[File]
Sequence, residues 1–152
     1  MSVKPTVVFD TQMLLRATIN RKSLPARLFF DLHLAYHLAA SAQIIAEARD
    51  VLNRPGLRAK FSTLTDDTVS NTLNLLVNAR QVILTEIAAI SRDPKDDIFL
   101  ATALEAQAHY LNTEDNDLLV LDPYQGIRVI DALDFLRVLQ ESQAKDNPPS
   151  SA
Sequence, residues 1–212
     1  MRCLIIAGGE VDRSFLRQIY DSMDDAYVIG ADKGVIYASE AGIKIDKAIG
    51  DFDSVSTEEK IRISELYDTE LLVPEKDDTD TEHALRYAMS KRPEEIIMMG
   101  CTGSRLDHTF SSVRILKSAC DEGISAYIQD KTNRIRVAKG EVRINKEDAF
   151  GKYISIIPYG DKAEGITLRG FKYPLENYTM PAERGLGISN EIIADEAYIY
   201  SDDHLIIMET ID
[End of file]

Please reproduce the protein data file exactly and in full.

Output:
Sequence, residues 1–152
     1  MSVKPTVVFD TQMLLRATIN RKSLPARLFF DLHLAYHLAA SAQIIAEARD
    51  VLNRPGLRAK FSTLTDDTVS NTLNLLVNAR QVILTEIAAI SRDPKDDIFL
   101  ATALEAQAHY LNTEDNDLLV LDPYQGIRVI DALDFLRVLQ ESQAKDNPPS
   151  SA
Sequence, residues 1–212
     1  MRCLIIAGGE VDRSFLRQIY DSMDDAYVIG ADKGVIYASE AGIKIDKAIG
    51  DFDSVSTEEK IRISELYDTE LLVPEKDDTD TEHALRYAMS KRPEEIIMMG
   101  CTGSRLDHTF SSVRILKSAC DEGISAYIQD KTNRIRVAKG EVRINKEDAF
   151  GKYISIIPYG DKAEGITLRG FKYPLENYTM PAERGLGISN EIIADEAYIY
   201  SDDHLIIMET ID